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In Latest Zofran Birth Defect Lawsuit, Mother Claims Drug Caused Heart & Kidney Defects


With the number of filed Zofran birth defect lawsuits grown to at least 34, court documents continue to surface.

In the latest complaint to emerge, a mother from Birmingham, Alabama claims prenatal exposure to the anti-nausea drug caused her son’s rare congenital heart defect and kidney defects.

Registered as case number 2:15-cv-01233-JEO, the mother’s claim was filed in the US District Court for the Northern District of Alabama, Southern Division. A copy of the court documents can be found at ZofranLegal.com.

Alabama Mother Says Zofran Caused Hypoplastic Left Heart Syndrome & Kidney Birth Defects

Like millions of American women, the Alabama mother claims she was prescribed Zofran as an “off label” morning sickness treatment, and notes that the drug has never been approved for use during pregnancy. Not only that, she says GlaxoSmithKline, Zofran’s manufacturer, intentionally avoided studying the drug’s effects on fetal development.

According to her complaint, Plaintiff began taking Zofran during her first trimester and continued taking the drug as prescribed throughout pregnancy.

But in her own words, the drug’s alleged risks would become apparent before the birth of her son Z.P. In a routine ultrasound examination, her unborn child was diagnosed with Hypoplastic Left Heart Syndrome (HLHS), a rare and severe congenital heart defect that almost always requires a battery of surgical interventions to treat.

The mother claims that Zofran, a drug linked to increased heart defect risks by several major studies, caused her child’s potentially-fatal condition, along with an unspecified kidney defect.

Congenital Heart Defects: Hypoplastic Left Heart Syndrome

Plaintiff notes that her unborn son was exposed to Zofran “during the periods when [his heart and kidney] tissues [were] forming and susceptible to developmental insult from environmental exposure.”

She notes a number of large-scale epidemiological studies that have found a marked increase in the rate of congenital heart defects among babies exposed to Zofran during the first trimester.

But what is Hypoplastic Left Heart Syndrome?

A form of hypoplasia, in which an organ or tissue fails to form completely, HLHS occurs when the heart’s left side develops improperly.

How Does HLHS Affect Blood Flow?

Hypoplastic Left Heart Syndrome

A diagram of Hypoplastic Left Heart Syndrome from the CDC. In healthy human hearts, the left ventricle (LV) would occupy the entire pink region in the picture’s bottom right.

Rather than growing into a large, vital chamber for pumping oxygen-rich blood toward the body, the organ’s left ventricle remains so small that it fails to function at all. The left atrium, which holds blood after its journey to the lungs, is dangerously small, too, and the surrounding valves and blood vessels can all be dangerously underdeveloped.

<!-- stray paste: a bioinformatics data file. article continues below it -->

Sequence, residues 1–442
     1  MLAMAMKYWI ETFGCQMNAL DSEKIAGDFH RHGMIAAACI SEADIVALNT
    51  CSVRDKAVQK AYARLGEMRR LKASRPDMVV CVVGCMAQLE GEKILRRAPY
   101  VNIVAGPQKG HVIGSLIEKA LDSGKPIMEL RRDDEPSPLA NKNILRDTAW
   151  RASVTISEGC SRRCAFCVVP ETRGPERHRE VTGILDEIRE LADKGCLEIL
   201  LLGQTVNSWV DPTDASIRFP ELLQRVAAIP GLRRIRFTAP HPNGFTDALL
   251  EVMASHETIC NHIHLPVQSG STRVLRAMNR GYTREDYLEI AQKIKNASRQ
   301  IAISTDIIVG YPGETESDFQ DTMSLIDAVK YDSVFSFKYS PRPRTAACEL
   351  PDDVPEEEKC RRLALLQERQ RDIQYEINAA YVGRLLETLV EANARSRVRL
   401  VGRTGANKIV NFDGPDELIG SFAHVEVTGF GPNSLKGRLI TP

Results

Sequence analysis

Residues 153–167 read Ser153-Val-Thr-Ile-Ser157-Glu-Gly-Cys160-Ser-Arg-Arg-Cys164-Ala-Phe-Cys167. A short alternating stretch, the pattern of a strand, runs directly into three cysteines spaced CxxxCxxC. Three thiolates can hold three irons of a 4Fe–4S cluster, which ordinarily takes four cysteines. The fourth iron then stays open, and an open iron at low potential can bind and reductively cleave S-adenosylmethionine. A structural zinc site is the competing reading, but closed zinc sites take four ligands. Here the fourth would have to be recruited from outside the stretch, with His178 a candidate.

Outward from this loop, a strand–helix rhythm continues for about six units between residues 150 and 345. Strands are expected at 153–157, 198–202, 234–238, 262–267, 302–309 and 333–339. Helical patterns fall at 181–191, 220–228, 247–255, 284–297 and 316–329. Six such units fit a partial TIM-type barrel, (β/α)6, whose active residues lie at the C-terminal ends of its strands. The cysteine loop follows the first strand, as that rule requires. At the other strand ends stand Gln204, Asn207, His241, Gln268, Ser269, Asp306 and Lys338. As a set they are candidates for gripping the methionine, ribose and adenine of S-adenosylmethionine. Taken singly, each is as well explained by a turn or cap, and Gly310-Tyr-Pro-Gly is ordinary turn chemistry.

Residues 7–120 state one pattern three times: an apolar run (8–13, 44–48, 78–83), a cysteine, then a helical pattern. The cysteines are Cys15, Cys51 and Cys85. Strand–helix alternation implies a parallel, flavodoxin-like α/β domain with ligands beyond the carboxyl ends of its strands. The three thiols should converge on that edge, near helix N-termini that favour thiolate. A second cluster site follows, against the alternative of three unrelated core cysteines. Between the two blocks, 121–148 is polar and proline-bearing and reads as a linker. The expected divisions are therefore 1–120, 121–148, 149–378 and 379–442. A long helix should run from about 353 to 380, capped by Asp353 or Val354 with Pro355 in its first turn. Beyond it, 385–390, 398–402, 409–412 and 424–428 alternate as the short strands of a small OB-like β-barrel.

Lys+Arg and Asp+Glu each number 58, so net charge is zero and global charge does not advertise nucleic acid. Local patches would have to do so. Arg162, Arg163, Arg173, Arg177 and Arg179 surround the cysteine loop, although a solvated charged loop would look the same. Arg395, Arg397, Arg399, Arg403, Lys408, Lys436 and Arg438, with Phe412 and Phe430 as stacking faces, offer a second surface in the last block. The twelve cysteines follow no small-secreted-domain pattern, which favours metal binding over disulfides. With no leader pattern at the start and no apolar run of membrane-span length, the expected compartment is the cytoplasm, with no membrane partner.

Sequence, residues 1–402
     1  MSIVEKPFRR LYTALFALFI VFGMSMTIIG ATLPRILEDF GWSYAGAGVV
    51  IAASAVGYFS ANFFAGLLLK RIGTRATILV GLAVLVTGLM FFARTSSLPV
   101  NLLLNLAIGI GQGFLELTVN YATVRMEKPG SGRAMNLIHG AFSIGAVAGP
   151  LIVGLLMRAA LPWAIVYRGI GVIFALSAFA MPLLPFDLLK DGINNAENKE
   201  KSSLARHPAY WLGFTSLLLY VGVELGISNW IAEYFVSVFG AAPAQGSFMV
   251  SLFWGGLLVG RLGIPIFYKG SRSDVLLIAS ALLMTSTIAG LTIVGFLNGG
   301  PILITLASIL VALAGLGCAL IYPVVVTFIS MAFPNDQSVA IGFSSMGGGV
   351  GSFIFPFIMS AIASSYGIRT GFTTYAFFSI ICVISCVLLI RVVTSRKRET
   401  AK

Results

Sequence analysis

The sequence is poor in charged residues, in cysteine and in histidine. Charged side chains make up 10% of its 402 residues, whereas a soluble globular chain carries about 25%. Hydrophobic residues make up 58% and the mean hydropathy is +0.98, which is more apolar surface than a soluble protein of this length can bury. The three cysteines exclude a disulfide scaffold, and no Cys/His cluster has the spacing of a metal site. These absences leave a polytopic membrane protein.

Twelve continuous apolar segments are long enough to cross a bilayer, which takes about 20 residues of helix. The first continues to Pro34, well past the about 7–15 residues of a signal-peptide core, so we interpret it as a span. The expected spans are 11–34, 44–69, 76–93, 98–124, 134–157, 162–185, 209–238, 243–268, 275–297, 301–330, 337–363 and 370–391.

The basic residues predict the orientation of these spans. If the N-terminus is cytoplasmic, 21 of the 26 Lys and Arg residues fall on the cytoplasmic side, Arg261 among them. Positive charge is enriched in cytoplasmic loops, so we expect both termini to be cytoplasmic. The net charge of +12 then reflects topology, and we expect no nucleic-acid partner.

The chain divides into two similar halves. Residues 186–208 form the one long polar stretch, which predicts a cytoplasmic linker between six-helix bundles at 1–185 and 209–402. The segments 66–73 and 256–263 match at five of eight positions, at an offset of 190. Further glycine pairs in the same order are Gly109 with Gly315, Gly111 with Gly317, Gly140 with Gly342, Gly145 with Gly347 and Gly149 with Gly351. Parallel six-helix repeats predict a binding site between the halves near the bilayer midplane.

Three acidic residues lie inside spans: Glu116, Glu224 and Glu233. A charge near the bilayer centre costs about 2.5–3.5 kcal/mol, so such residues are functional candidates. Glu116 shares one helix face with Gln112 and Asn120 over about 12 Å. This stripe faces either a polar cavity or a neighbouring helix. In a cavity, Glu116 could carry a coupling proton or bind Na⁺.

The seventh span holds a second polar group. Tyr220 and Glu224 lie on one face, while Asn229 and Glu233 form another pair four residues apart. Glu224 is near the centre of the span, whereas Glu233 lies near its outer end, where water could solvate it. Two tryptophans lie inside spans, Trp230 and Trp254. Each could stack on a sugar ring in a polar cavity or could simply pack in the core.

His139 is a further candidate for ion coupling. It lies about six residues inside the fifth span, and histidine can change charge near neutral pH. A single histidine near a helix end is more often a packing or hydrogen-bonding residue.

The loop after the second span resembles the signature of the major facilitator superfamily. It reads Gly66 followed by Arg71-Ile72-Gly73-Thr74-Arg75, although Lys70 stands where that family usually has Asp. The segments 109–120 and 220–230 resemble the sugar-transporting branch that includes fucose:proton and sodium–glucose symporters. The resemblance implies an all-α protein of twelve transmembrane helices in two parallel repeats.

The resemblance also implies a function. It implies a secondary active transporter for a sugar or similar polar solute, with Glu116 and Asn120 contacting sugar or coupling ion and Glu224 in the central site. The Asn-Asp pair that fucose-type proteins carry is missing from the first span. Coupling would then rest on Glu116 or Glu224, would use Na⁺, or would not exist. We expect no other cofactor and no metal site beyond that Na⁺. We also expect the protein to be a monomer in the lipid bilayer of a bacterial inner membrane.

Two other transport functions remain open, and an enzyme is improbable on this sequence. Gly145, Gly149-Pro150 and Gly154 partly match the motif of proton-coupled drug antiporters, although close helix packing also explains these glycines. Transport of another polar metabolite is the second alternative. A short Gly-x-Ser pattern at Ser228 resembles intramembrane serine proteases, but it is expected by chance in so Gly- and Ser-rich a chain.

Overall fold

HLHS forces the heart’s right side to take on most of the blood-pumping burden. Faced by a non-functional left ventricle, oxygen-rich blood must reroute through a series of small openings between the right and left side to enter the heart’s right atrium. From here, both oxygenated and deoxygenated bloods are pumped out together, rather than remaining separated. The body is often starved for oxygen as a result.

Can Hypoplastic Left Heart Syndrome Be Treated?

Yes, but never cured.

Surgeons rely on a series of open-heart surgeries to help the blood’s flow bypass the heart’s underdeveloped left side completely. These are not curative procedures, but palliative ones, and most children born with HLHS will continue to have life-long complications.

In some severe cases, children will have to undergo pediatric heart transplants, a dangerous procedure in any circumstance that can become tragic for newborn patients.

According to Cincinnati Children’s Hospital, HLHS is “uniformly fatal” without treatment, “often within the first hours or days of life.”

Can Other Parents File Zofran Birth Defect Lawsuits?

Current estimates place “off label” Zofran prescriptions for morning sickness around 1 million annually.

Any mother who was prescribed Zofran during the first trimester and then delivered a child with major birth defects may be eligible to file a claim against GlaxoSmithKline.

Michael Monheit, Esquire, managing partner at Monheit Law and lead sponsor of ZofranLegal.com, has joined an alliance of experienced plaintiffs’ attorneys to investigate potential Zofran lawsuits. Together, this coalition of distinguished trial lawyers is offering free consultations to families and birth defect survivors interested in learning about their own case eligibility. For more information, call 1-877-620-8411.


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